A Catalogue of the Pictures, Works of Art, &c. at Northwick Park. n.p., 1864, p. 12, no. 90, as by Giotto.
Arundel Club. Publications 10 (1913), unpaginated, no. 1, ill., as "The Dedication in the Temple," by Lorenzo Monaco, in the collection of E. G. Spencer-Churchill.
Tancred Borenius. Catalogue of the Collection of Pictures at Northwick Park. London, 1921, p. 25, no. 48, as by Lorenzo Monaco.
Roberto Longhi. "Uno sguardo alle fotografie della Mostra 'Italian Art and Britain'." Paragone 11 (May 1960), p. 60, pl. 42, rejects the attribution to Lorenzo Monaco, calling it an early work by Paolo Schiavo.
Patrick Lindsay in Great Private Collections. Ed. Douglas Cooper. New York, 1963, pp. 42, 44, 49, ill. (color), accepts the attribution to Lorenzo Monaco; states that many people believe it to be the most outstanding work in the Spencer-Churchill collection.
Federico Zeri. "Qualche appunto su Alvaro Pirez." Mitteilungen des Kunsthistorischen Institutes in Florenz 17, no. 2–3 (1973), pp. 364, 366–70, figs. 6, 9 (overall and detail), calls it a predella panel from an altarpiece of which he identifies five additional parts: two pinnacles depicting the Annunciation (Gemäldegalerie, Berlin) and three panels from the pilasters depicting Saint Jerome (Musée du Louvre, Paris), Saint Ranieri (formerly Gentner collection, Florence), and a figure he tentatively identifies as the Blessed Lucchese (Museo Nazionale, Pisa); notes that the presence of Saint Ranieri, patron saint of Pisa, indicates that the altarpiece was probably made for that city; attributes this work to an unknown artist, near, but superior to, Alvaro Pirez, influenced by Lorenzo Monaco and Paolo Schiavo, and very similar to the Master of the Bambino Vispo.
Arnauld Brejon de Lavergnée and Dominique Thiébaut. Catalogue sommaire illustré des peintures du musée du Louvre. Vol. 2, Italie, Espagne, Allemagne, Grande-Bretagne et divers. Paris, 1981, p. 255, tentatively include this panel and the Berlin Annunciation in the reconstruction proposed by Zeri [see Ref. 1973], attributing the Louvre Saint Jerome to a Tuscan painter possibly close to Alvaro Pirez and dating it to the first quarter of the fifteenth century.
Miklós Boskovits. Letter to Keith Christiansen. March 19, 1983, attributes it to Pirez, along with the Berlin Annunciation and the other panels from the same altarpiece.
Keith Christiansen in The Metropolitan Museum of Art: Notable Acquisitions, 1983–1984. New York, 1984, p. 45, ill. (color), attributes it to the Master of the Linsky Presentation in the Temple and dates it about 1430; states that the artist could be Alvaro Pirez, but that the painting "shows a greater attention to descriptive detail and volume than normally encountered in his pictures"; accepts Zeri's reconstruction.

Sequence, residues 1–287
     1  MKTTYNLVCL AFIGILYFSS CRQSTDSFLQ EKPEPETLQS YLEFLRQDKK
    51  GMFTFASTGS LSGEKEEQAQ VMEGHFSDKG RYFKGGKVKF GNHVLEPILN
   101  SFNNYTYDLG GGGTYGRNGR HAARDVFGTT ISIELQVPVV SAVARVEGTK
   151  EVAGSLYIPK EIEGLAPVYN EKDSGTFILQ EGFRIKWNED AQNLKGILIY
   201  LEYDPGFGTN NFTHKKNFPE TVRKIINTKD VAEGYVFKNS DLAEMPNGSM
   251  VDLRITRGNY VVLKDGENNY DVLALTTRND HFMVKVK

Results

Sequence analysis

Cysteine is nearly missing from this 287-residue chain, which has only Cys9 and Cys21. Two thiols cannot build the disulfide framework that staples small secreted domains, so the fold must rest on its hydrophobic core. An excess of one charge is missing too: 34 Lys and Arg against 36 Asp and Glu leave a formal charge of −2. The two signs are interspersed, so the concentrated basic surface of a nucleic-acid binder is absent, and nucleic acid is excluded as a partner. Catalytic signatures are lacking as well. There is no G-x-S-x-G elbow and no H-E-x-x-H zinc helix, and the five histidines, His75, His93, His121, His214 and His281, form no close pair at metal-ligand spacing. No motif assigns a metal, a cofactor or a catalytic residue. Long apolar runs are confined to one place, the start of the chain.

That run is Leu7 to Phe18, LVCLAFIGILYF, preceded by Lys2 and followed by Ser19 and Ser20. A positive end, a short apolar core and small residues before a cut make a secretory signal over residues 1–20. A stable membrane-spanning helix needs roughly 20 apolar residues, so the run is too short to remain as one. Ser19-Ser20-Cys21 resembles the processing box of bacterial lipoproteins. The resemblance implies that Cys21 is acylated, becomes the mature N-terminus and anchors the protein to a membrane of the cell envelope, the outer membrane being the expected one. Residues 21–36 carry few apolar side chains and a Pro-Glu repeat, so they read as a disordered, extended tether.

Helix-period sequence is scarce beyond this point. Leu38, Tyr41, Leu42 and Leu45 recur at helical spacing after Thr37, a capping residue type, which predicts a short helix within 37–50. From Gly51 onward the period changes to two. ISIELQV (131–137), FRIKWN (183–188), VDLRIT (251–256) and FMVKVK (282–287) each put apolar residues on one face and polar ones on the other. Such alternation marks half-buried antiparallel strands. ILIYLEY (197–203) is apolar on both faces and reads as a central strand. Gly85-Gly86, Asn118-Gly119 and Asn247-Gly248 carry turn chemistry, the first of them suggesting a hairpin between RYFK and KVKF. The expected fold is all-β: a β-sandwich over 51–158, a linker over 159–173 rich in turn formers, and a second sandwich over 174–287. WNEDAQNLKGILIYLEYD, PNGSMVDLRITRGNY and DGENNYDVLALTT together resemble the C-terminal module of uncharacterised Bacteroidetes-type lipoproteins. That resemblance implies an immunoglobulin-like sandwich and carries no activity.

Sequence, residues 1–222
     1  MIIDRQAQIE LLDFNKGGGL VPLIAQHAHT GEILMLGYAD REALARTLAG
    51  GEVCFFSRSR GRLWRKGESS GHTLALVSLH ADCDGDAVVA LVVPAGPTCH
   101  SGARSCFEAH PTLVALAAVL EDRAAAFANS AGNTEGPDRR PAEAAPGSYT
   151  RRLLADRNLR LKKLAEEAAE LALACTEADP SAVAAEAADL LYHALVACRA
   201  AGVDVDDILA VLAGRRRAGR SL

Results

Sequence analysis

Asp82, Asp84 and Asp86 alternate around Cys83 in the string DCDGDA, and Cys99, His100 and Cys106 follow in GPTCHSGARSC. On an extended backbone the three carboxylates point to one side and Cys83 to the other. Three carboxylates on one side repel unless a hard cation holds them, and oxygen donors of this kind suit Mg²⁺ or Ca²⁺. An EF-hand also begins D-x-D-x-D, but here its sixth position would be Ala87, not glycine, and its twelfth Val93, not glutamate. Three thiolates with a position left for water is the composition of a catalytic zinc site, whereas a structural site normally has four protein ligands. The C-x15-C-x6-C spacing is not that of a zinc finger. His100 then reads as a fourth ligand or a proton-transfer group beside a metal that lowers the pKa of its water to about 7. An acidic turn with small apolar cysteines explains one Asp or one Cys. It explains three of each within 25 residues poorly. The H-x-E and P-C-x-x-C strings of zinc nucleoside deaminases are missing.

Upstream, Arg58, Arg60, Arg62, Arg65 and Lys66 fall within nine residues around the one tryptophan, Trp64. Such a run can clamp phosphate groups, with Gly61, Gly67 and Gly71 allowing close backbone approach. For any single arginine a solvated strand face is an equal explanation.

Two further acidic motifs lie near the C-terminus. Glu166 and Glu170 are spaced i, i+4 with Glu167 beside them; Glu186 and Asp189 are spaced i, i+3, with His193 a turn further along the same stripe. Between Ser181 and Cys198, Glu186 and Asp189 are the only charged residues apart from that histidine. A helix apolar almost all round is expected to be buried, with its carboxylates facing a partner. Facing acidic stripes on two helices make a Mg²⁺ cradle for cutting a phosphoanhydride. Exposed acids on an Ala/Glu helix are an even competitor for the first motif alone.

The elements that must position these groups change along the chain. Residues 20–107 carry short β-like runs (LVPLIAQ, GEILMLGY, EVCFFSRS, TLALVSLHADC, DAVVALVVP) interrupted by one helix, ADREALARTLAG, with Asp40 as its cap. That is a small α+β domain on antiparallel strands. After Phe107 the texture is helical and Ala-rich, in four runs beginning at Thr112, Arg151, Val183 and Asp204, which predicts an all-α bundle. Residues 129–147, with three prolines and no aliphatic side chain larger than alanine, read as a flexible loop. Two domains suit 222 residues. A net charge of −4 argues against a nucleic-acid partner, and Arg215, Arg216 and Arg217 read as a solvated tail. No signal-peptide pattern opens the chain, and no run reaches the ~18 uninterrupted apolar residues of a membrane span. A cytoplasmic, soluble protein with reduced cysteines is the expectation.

Keith Christiansen in The Jack and Belle Linsky Collection in The Metropolitan Museum of Art. New York, 1984, pp. 24–26, no. 3, ill., as by the Master of the Linsky Presentation in the Temple, noting that an attribution to Pirez cannot be excluded.
Miklós Boskovits. Gemäldegalerie Berlin, Katalog der Gemälde: frühe italienische Malerei. Ed. Erich Schleier. Berlin, 1987, pp. 4–5, under no. 2, fig. 5 (reconstruction), accepts Zeri's reconstruction and states that the altarpiece is very probably by Pirez; calls it an early work, dating it about 1405–15.
Pier Paolo Donati. "Il Maestro di Bibbiena: tra Lorenzo Monaco e Alvaro Pirez." Paragone 42 (November 1991), p. 61, states that Luciano Bellosi connects Zeri's group of pictures with the Master of Bibbiena.
Michael Kimmelman. "At the Met with Roy Lichtenstein: Disciple of Color and Line, Master of Irony." New York Times (March 31, 1995), p. C27, notes that "Mr. Lichtenstein loves it bright colors and, despite the ham-handed use of perspective, seems to like its arrangement of figures bunched together in shallow space".
Andrea De Marchi in Sumptuosa tabula picta: Pittori a Lucca tra gotico e rinascimento. Ed. Maria Teresa Filieri. Exh. cat., Museo Nazionale di Villa Guinigi, Lucca. Livorno, 1998, pp. 282, 285 n. 39, finds the altarpiece reconstructed by Zeri superior to the work of Pirez and calls it the debut of an unidentified student; identifies the panel in Pisa as Beato Gherardo da Villamagna, noting that this suggests a Franciscan origin for the altarpiece, but that the presence of Saint Ranieri discourages such a conclusion.